Satellite Surgery — Without Delay

Summer 2014


Whiting School researchers are helping NASA adapt robotic systems developed for human medical procedures to fi x ailing satellites soaring miles above the Earth.

During human surgery, a doctor using the da Vinci Surgical System sits at a console, remotely operating instruments inside the body, and can see immediately what the tools are doing. But because of the distance in “space surgery,” an earthbound technician operating a similar console to repair or refuel a space satellite faces a multisecond delay between executing a task and seeing the results. That drawback could jeopardize the success of the mission.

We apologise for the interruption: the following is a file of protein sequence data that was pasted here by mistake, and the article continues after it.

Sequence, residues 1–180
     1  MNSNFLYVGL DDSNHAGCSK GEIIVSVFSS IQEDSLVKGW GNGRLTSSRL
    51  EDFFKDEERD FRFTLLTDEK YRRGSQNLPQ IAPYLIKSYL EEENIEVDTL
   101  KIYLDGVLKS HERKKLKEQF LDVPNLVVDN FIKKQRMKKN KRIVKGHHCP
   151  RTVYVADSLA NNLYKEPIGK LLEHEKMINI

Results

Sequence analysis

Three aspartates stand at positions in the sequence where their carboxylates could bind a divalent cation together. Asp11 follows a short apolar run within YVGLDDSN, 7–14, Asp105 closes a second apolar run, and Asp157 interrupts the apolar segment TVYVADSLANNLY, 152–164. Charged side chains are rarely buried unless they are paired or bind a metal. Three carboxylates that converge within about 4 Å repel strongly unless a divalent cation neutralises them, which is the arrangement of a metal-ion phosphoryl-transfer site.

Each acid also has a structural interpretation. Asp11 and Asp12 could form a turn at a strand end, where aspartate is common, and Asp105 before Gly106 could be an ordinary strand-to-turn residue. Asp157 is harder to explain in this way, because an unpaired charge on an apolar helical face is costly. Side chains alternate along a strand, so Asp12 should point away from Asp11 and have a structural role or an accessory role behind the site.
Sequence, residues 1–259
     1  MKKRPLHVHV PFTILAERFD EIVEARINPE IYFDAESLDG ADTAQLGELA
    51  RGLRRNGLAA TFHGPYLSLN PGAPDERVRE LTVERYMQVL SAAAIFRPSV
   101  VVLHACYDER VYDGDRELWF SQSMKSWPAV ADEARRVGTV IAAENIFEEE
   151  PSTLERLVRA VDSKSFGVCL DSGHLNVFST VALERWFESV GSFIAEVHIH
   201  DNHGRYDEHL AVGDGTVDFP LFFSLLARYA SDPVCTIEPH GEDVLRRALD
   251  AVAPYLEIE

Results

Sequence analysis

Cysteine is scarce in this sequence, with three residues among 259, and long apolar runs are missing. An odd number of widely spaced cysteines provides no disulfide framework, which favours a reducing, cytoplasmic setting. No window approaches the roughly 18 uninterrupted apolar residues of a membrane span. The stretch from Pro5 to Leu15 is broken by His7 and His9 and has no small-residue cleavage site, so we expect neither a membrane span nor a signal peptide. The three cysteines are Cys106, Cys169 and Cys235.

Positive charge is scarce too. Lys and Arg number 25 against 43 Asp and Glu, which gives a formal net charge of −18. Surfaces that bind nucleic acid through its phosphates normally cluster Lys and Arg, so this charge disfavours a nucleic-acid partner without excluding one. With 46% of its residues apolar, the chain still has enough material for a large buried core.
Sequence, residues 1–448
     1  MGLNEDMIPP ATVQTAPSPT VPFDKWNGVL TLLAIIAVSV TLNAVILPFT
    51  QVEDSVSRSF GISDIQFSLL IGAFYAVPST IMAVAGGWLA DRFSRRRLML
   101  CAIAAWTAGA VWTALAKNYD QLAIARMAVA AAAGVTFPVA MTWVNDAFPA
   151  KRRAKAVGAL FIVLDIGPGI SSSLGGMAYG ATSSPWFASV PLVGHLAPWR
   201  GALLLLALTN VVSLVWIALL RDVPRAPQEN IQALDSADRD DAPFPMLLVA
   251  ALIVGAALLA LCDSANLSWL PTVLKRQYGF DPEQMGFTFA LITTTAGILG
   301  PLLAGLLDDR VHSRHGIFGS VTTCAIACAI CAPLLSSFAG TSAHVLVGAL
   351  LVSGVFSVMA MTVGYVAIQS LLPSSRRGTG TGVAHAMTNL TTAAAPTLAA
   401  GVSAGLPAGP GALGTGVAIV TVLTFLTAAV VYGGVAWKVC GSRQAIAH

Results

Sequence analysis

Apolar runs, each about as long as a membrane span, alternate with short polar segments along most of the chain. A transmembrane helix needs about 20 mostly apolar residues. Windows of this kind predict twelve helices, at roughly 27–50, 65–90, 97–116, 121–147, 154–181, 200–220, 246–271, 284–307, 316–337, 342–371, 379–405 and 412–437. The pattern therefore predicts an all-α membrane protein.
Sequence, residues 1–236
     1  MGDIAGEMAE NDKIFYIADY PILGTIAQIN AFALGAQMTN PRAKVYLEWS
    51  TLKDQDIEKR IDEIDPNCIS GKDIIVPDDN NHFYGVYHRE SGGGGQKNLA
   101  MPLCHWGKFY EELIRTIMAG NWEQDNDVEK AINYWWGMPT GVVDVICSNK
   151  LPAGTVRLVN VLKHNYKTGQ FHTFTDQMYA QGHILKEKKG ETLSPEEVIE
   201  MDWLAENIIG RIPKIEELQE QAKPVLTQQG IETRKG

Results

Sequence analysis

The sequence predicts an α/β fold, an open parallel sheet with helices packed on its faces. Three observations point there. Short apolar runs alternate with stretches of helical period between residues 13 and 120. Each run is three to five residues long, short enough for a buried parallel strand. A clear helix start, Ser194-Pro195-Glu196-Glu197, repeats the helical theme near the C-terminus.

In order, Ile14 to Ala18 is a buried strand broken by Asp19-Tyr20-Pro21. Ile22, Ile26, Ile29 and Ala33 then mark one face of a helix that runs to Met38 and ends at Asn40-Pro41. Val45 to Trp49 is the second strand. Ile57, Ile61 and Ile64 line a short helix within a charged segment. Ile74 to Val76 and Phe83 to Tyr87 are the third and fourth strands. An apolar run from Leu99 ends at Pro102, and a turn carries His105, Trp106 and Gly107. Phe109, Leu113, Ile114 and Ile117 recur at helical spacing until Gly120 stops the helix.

Now, a team that includes Peter Kazanzides, an associate research professor in the Department of Computer Science, is developing software for NASA to eliminate the delay from satellite servicing.

In Impact